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Intimate Partner Violence: Resources for Clinicians to Better Serve Patients

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Patient talks with clinician


By Claire Hutkins Seda, Writer, Migrant Clinicians Network, Managing Editor, Streamline

Intimate partner violence (IPV) occurs in all segments of our society, but vulnerable populations like mobile agricultural workers may encounter additional disparities and barriers to care that make intervention and treatment of IPV more complex. Language barriers, economic hardship, and isolation from their communities, support networks, and cultures of origin make it increasingly difficult to come forward and report IPV. Victims of IPV often suffer in silence for fear of losing their jobs or enduring legal ramifications like being reported to immigration. In addition, they may have less access to social and medical services, increasing their negative health outcomes. It’s important to note that victims of IPV are not necessarily women; men and transgender individuals also experience IPV. Health centers can make significant strides in reducing IPV in their communities through culturally sensitive tactics both in the exam room and in the community. Here are some resources to better serve patients experiencing IPV:

Intimate partner violence (IPV) occurs in all segments of our society, but vulnerable populations like mobile agricultural workers may encounter additional disparities and barriers to care that make intervention and treatment of IPV more complex. Language barriers, economic hardship, and isolation from their communities, support networks, and cultures of origin make it increasingly difficult to come forward and report IPV. Victims of IPV often suffer in silence for fear of losing their jobs or enduring legal ramifications like being reported to immigration. In addition, they may have less access to social and medical services, increasing their negative health outcomes. It’s important to note that victims of IPV are not necessarily women; men and transgender individuals also experience IPV. Health centers can make significant strides in reducing IPV in their communities through culturally sensitive tactics both in the exam room and in the community. Here are some resources to better serve patients experiencing IPV:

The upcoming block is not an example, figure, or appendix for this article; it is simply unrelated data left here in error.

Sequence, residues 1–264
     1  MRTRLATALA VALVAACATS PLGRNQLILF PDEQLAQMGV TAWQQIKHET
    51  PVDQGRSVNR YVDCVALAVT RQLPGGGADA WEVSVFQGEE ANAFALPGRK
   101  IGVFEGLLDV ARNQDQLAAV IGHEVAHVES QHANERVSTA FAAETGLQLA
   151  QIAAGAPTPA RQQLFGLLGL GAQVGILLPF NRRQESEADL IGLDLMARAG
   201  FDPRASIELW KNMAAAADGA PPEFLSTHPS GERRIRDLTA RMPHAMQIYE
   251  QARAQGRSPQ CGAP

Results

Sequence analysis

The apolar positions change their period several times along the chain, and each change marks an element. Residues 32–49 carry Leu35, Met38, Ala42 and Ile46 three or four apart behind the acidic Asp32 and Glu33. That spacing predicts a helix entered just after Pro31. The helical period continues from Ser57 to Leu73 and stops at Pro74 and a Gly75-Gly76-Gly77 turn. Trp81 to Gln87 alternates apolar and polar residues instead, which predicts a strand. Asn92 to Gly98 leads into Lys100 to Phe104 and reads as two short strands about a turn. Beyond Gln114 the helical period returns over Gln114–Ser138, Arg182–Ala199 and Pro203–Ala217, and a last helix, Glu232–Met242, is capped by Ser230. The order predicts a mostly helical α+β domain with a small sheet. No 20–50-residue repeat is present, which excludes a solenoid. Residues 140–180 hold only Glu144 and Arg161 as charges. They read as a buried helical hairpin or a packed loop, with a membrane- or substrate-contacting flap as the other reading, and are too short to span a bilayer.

Migrant Clinicians Network’s upcoming two-session webinar provides specific and effective action items to better serve women who have experienced IPV in the exam room, and to make our communities safer by engaging men in the community. On April 17, Deliana Garcia, MCN’s Director of International Projects and Emerging Issues, presents “Creating a supportive clinical environment to address intimate partner violence.” The second session, on May 1, is entitled, “Providing essential tools for men to act on preventing intimate partner violence.” Learn more and sign up at https://www.migrantclinician.org/webinars.html

MCN’s Engaging Migrant Men webpage features a series of fotonovelas (in Spanish) for health centers to use. To guide the conversation, use MCN’s Engaging Migrant Men Discussion Guide Informational Packet:
https://www.migrantclinician.org/services/initiatives/family-violence-prevention/engagingmen

The IPV Health Partners Toolkit is a comprehensive toolkit to support health centers to train staff and operationalize evidence-based approaches to respond to domestic violence. It was developed by Futures Without Violence, with support from the Family & Youth Services Bureau’s Family Violence Prevention and Services Program and Health Resources & Services Administration. Available at: https://ipvhealthpartners.org

 


MCN Streamline Winter 2019

Read this article in the Spring 2019 issue of Streamline here!

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